Watching what you eat and counting calories is a good idea for anyone who is health conscious. Diets can benefit people in a number of ways. They can obviously help you lose weight. They also improve eating habits while helping to focus on better and more nutritious foods. However, one type of diet could help you battle the war on aging and promote better brain health. This type of diet is called intermittent fasting. Eating in this manner drastically reduces the amount of foods you consume for short periods of time and could possibly delay Alzheimer’s symptoms and boost health.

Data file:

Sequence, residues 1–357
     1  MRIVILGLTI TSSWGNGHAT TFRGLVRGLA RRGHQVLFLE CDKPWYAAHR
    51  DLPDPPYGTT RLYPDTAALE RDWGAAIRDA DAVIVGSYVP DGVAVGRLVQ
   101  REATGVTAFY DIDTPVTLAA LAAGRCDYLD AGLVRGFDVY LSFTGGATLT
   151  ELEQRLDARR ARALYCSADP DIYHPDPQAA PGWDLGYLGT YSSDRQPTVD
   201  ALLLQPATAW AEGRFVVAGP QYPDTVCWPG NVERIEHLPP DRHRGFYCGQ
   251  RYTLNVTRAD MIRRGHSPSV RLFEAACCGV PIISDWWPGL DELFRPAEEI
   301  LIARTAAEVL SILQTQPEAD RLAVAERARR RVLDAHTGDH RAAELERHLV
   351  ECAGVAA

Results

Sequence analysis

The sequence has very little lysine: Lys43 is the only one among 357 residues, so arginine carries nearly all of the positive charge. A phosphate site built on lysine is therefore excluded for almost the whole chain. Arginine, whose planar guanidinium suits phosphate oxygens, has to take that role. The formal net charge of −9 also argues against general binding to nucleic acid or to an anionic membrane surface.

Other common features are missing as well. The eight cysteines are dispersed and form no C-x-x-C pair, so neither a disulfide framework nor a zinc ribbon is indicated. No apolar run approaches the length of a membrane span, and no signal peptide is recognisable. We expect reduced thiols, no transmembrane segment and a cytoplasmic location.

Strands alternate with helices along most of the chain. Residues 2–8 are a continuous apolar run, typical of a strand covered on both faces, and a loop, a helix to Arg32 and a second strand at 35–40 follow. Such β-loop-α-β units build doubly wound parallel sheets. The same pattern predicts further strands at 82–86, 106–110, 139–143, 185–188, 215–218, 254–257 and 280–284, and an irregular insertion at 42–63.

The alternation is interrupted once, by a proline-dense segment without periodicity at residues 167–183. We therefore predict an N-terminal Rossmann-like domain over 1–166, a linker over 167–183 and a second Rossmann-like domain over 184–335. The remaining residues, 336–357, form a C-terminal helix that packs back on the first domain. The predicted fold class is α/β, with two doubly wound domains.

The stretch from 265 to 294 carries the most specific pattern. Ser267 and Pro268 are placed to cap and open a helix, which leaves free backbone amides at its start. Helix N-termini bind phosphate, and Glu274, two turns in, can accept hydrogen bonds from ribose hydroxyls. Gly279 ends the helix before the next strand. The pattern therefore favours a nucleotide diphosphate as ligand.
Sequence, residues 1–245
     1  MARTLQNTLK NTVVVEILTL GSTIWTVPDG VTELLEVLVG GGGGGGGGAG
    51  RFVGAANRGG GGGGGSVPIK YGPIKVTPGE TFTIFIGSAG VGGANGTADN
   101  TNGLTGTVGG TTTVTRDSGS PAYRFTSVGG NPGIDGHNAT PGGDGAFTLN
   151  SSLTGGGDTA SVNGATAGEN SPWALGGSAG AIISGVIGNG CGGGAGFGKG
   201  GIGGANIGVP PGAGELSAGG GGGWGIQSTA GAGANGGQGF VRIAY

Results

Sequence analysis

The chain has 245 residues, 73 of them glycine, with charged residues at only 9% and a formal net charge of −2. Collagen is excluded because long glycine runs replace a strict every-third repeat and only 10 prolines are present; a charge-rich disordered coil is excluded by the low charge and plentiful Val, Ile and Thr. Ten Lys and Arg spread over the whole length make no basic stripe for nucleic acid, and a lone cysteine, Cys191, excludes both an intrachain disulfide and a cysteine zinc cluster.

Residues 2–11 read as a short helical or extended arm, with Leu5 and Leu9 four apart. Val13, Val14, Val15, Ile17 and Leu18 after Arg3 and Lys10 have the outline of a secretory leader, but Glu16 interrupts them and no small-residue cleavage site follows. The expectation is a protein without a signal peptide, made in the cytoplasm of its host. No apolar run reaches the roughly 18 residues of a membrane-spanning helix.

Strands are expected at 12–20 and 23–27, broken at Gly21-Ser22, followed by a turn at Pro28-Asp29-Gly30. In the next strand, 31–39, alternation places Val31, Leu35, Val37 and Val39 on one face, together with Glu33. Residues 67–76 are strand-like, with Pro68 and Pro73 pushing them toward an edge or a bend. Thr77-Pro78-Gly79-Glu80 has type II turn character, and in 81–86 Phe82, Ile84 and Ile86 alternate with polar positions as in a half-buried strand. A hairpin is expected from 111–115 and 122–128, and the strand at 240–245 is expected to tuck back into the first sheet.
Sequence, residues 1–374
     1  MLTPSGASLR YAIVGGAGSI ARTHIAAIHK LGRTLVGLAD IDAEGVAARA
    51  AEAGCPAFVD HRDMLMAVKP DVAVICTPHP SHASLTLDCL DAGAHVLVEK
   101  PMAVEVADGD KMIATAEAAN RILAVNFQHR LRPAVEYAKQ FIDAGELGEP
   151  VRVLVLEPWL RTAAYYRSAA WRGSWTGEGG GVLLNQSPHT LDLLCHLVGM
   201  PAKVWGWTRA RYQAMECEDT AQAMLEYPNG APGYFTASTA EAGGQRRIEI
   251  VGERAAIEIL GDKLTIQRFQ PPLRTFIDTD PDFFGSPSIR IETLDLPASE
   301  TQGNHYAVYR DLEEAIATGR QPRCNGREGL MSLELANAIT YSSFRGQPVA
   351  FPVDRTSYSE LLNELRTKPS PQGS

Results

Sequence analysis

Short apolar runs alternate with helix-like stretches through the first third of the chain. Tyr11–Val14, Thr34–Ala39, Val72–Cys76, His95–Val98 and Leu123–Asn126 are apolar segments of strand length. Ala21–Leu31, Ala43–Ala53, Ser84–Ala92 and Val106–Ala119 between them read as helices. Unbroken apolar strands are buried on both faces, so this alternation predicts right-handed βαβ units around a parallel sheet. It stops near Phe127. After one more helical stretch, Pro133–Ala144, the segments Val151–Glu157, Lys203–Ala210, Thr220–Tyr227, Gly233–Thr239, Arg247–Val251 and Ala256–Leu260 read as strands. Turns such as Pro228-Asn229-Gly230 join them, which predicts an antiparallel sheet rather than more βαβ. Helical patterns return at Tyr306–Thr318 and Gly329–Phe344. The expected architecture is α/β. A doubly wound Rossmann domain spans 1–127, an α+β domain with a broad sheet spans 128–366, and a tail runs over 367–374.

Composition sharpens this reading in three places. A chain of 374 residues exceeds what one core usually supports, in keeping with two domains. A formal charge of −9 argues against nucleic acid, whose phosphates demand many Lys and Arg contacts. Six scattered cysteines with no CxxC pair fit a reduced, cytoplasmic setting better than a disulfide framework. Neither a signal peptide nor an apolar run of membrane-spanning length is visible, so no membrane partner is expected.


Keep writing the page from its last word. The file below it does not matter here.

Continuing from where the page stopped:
Many studies have been done on animals and the benefits of intermittent fasting. According to the National Institute of Aging, studies on mice and this type of diet substantially improved heart health and prevented symptoms of Alzheimer’s disease. Fasting in this way improves cognition by way of learning and improved memory along with protecting nerve cells from degeneration. Scientists agree that more human studies need to be performed before all of the health benefits of intermittent fasting are known. According to one participant in particular, the results from a type of fasting called Prolon are very noticeable. He claimed to feel more productive and focused on his daily workload. There are 3 main types of fasting in this manner. The first is the 5:2 plan. This lets you eat normally five days per week and eat less than 600 calories the remaining two days. Alternating days is the next. This is just as it sounds. One day you eat regular the next you eat less than 600 calories then repeat. The third is a daily time restriction fasting that allows you to eat normally between noon and 8pm. As with any eating plan, consistency is the key to success. Reducing your food intake can cause a binge eating effect which defeats the whole purpose. If you have a history of Alzheimer’s, giving this diet a try may benefit you a lot more than just a number on a scale.